This post is linked with a look closer sibling post on Eddie's Room about current crafts people in Swaziland
History of Swaziland
The Kingdom of Swaziland is a small landlocked country in Southern Africa, named after the 19th Century king Mswati II. It is bordered to the North, South and West by South Africa and to the East by Mozambique. The area was once home to nomadic Stone Age hunter-gatherers who left behind rock art paintings dating to around 25,000 BCE. Modern Swaziland was formed during the Bantu migrations from East Central Africa in the late 15th Century. After the Anglo-Boer war the British declared Swaziland a protectorate. In 1968 Swaziland gained independence are now ruled by King Mswati III.
Sisal (Agave sisalana) is an Agave from which a rather stiff fibre is made. In Swaziland Sisal is an invasive weed and therefore the harvest of it does not threaten the country's natural biodiversity. Sisal is traditionally used to weave baskets and make rope, rugs and cattle fences. The titja basket is a traditional gift basket and the weaving of it is very labour intensive.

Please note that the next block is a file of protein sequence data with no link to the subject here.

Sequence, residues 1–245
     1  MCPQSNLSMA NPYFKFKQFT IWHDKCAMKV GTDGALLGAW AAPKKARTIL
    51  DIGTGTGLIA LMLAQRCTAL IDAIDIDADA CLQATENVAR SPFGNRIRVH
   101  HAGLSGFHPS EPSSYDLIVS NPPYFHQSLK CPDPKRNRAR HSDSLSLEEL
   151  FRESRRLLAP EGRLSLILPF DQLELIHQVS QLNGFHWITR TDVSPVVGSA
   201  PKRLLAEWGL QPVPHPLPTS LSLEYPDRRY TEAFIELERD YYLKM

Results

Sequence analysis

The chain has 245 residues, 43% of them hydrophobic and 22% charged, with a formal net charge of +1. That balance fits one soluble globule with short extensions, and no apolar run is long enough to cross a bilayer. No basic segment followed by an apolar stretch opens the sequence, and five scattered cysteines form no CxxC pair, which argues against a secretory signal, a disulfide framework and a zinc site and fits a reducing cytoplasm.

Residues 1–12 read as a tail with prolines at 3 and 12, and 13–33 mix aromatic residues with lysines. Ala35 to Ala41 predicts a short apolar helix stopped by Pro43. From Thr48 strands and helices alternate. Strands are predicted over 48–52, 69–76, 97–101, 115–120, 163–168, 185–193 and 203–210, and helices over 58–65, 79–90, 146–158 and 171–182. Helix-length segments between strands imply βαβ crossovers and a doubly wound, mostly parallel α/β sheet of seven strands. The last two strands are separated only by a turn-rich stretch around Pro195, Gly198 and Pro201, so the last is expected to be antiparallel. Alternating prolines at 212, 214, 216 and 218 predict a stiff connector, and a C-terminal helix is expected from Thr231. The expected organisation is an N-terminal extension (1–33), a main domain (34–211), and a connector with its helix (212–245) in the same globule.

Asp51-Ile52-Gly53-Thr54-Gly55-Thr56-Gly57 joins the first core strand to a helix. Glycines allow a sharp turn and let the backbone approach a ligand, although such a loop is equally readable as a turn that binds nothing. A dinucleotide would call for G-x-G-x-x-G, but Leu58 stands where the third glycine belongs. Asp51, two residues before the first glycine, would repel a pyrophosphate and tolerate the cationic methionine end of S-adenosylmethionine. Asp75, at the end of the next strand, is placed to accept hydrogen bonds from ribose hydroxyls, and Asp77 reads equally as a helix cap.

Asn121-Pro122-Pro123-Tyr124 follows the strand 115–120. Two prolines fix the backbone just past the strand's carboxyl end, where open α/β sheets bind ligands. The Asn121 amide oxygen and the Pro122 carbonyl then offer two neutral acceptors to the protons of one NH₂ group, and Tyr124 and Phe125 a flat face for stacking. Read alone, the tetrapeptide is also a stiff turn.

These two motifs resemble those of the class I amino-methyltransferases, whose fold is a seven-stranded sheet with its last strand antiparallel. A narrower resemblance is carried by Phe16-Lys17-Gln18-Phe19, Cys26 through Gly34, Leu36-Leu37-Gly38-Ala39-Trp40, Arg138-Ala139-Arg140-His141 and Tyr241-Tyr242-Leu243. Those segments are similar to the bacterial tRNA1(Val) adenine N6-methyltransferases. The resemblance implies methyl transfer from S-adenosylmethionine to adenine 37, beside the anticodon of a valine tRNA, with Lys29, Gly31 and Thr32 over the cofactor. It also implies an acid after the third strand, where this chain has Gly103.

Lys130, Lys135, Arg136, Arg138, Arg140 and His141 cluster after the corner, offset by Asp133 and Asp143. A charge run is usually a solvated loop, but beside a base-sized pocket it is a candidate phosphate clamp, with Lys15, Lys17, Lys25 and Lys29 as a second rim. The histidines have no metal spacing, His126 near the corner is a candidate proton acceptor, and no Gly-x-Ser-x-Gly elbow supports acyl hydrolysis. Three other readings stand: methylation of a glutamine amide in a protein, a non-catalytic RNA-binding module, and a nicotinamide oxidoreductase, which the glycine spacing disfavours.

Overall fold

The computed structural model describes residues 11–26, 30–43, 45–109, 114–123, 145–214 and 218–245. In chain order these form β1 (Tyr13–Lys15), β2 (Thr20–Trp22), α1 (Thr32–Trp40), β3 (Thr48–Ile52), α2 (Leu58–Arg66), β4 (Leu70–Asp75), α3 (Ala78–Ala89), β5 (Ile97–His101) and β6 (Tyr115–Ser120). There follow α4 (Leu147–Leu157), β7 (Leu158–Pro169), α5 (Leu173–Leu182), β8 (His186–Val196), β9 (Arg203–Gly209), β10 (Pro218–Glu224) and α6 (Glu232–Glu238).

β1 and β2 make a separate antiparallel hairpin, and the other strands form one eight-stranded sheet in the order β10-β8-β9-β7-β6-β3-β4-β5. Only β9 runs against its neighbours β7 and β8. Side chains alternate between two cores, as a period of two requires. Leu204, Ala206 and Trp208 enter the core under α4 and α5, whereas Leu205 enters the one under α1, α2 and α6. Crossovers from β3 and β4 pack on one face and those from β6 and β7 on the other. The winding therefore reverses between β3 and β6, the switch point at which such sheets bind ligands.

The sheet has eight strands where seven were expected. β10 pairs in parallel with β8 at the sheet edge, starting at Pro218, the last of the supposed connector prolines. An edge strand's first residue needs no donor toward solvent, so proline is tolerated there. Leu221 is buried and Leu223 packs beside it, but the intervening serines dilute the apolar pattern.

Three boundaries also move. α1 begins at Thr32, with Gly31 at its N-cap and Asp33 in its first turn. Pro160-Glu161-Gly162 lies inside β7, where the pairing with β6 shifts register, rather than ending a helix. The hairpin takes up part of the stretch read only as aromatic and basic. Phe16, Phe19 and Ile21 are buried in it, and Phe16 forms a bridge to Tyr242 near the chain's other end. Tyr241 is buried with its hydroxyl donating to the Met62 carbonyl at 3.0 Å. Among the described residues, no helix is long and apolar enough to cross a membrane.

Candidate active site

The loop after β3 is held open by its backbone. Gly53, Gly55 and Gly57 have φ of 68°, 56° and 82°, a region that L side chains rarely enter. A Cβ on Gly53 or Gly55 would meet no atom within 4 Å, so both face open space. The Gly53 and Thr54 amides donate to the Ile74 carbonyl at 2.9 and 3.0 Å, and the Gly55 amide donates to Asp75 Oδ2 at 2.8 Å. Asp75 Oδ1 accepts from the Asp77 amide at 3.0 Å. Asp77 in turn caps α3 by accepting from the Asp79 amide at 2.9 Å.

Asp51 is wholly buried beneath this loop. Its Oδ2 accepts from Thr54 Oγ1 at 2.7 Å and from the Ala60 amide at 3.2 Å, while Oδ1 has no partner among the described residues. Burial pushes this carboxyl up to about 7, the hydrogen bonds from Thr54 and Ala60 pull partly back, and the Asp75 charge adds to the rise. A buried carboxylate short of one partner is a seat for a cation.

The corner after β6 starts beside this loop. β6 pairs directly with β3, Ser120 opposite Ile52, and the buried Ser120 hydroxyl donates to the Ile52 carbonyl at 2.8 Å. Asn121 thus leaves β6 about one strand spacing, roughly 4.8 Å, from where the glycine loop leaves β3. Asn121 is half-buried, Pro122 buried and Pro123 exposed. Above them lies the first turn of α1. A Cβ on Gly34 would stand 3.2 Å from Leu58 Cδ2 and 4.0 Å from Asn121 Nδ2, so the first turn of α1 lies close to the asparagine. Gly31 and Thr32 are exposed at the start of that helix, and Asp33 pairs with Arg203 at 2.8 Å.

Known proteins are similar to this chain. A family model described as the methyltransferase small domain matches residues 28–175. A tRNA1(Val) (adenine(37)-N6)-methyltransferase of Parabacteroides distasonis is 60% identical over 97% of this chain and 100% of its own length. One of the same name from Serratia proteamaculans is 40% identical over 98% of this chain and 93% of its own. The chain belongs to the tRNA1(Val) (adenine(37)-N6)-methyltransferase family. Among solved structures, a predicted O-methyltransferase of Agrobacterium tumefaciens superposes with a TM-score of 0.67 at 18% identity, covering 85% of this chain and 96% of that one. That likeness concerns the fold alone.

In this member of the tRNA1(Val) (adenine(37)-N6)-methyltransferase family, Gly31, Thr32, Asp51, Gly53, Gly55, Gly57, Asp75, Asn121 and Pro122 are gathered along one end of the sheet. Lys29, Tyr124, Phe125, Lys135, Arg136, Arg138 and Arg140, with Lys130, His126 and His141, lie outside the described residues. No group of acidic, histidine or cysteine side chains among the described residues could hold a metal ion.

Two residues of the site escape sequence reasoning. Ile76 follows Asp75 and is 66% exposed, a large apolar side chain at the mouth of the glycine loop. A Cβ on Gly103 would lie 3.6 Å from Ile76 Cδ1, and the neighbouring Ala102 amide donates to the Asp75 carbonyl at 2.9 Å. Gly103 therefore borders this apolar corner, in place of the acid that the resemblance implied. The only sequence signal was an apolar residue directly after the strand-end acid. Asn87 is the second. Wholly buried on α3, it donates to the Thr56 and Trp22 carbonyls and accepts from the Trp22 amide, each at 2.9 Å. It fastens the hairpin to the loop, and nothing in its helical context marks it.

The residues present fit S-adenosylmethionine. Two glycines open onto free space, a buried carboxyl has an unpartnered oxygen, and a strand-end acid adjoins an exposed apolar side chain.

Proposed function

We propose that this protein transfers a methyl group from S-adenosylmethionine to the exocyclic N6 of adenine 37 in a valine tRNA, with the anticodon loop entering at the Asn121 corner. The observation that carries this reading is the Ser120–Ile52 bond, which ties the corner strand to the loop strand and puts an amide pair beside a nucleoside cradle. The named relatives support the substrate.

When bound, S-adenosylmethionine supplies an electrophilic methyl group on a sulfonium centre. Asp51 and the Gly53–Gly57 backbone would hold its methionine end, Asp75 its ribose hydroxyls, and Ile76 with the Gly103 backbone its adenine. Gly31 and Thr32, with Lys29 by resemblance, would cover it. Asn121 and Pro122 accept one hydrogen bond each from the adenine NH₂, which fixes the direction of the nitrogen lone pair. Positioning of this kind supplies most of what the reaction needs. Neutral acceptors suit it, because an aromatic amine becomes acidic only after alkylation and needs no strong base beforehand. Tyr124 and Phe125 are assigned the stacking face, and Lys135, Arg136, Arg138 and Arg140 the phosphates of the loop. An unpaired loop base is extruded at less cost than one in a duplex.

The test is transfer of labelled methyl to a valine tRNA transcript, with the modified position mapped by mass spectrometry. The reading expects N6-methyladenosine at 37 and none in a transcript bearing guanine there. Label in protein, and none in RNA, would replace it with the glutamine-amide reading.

Thatching and fencing
The traditional Swazi homestead consists of several beehive huts thatched with dry grass and each surrounded by a reed fence/palisade. The reed fence is embodied in the reed dance (Umhlanga) where unmarried and childless Swazi girls collect tall reeds for the Queen Mother to repair holes in the royal village's palisade. Following the reed collection is the reed dance where the girls dress in traditional costume and parade in front of the royal family.
Do you know of more traditional Swazi crafts? If you do I would love to hear about it in the comment section below or as an email.